A close reading reveals their statistical sloppiness. Again and again, they present correlations as assertions of causality. And they treat IQ in a century-old manner, mostly as a fixed, biologically inherited attribute. They ignore research that shows IQ as the variable result of a host of environmental factors. These include the impact of early malnutrition in poverty on brain development, the influence of parents and teachers, the dimension of capabilities called “emotional intelligence.”
Here was an opportunity for Middlebury students to question and challenge this pseudo-scholarship, perhaps hone their own points of view, and learn something about the techniques of argument and rebuttal and gain “the clearer perception and livelier impression of truth,” as Mill said. Murray is not David Duke. He is sophisticated enough to be taken seriously on the political right, so engaging with his viewpoint if you believe it’s misguided, is called education.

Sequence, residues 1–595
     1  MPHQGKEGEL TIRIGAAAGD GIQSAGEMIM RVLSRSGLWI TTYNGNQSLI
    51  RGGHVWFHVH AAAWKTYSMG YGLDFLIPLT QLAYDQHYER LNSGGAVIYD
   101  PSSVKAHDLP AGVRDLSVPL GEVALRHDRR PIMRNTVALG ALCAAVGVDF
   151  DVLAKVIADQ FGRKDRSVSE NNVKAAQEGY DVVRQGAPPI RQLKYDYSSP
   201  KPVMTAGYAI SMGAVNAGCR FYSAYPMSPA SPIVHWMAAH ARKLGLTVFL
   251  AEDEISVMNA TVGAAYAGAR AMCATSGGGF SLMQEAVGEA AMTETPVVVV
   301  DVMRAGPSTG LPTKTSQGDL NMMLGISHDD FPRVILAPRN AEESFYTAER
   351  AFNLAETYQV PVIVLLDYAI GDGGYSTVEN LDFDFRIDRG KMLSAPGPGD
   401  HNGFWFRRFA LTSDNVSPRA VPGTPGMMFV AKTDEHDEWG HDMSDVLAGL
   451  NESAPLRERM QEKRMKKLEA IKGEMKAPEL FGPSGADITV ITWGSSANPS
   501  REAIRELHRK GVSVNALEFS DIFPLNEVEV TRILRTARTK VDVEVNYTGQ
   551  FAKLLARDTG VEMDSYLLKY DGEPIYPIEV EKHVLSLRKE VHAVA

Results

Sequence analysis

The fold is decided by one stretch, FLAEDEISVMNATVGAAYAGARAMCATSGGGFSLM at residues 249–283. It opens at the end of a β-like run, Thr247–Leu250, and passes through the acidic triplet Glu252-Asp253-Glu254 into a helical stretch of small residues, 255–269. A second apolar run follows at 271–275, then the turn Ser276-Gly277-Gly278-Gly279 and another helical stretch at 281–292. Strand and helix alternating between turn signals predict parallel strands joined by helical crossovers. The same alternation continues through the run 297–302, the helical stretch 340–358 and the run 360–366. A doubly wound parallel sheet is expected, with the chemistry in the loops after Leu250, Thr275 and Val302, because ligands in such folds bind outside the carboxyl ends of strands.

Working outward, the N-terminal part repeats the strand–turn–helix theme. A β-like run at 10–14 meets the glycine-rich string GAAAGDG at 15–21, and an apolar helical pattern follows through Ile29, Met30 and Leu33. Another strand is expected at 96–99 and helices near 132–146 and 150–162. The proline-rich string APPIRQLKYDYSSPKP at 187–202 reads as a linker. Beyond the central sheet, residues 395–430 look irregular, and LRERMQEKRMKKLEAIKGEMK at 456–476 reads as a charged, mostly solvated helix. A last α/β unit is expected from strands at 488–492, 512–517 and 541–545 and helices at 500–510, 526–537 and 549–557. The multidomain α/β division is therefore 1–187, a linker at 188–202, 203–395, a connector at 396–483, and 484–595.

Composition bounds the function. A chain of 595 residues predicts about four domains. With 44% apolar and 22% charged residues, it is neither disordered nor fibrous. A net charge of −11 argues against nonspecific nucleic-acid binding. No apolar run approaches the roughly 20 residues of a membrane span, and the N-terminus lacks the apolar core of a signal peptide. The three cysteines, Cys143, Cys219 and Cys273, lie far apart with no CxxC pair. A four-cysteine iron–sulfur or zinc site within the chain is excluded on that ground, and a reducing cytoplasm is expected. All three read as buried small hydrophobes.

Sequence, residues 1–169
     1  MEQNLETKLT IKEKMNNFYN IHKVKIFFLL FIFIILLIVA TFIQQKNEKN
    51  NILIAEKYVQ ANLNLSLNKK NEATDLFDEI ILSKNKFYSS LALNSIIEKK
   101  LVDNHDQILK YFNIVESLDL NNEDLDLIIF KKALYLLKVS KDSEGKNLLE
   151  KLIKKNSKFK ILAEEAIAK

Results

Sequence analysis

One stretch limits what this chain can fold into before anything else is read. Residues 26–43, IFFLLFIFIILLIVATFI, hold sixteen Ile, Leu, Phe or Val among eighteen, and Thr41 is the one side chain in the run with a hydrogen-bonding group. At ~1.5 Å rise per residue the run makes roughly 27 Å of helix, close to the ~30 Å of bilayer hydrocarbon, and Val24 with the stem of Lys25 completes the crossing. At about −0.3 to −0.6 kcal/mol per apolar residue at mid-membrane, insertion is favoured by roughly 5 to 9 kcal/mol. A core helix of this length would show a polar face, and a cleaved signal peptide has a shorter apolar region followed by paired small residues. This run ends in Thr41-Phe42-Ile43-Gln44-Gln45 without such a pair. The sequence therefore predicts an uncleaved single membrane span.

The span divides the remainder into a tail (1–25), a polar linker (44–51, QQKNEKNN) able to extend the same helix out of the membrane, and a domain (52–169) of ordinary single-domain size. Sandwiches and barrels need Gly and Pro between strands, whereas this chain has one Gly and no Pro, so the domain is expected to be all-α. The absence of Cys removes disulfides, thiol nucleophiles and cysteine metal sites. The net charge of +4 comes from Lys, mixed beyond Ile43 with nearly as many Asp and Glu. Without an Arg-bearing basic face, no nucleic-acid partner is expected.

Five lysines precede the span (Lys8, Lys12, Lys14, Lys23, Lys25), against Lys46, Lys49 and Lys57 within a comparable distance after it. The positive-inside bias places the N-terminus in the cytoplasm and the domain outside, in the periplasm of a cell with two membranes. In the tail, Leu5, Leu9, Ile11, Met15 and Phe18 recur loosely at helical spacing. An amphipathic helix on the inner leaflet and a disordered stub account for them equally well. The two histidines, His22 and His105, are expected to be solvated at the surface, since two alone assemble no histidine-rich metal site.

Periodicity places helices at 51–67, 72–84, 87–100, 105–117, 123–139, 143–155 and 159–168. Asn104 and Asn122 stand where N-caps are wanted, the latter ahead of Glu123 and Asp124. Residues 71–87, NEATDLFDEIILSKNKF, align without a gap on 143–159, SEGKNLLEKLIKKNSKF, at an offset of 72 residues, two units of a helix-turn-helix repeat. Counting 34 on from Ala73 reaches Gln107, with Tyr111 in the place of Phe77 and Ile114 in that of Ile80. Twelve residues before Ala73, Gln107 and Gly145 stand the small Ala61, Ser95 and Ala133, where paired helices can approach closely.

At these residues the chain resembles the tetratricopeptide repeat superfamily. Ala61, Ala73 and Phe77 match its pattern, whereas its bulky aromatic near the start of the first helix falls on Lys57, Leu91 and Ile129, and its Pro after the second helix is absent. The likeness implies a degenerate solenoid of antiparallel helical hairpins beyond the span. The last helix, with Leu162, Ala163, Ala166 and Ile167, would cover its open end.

Murray also wrote a 2012 book, Coming Apart, on the growing cultural separation of the white working class. I haven’t read it, so I can’t judge, but the topic should have been interesting to any curious person, especially given the recent election. “One of its overriding themes is that economic insecurity doesn’t have much to do with eroding civic values, so we shouldn’t bother using government to tackle inequality,” Nicholas Confessore wrote in the New York Times Book Review. “You will learn about working-class laziness, but you will find little discussion of the decline of trade unions or the rise of a service economy built on part-time work without benefits. Murray dismisses research by scholars who have found that people in bankruptcy court usually end up there because they lost a job, got divorced or faced catastrophic medical bills, pointing to a contrary study of a single year’s worth of bankruptcy filings in Delaware, home to many of America’s credit card companies but very few of its citizens.”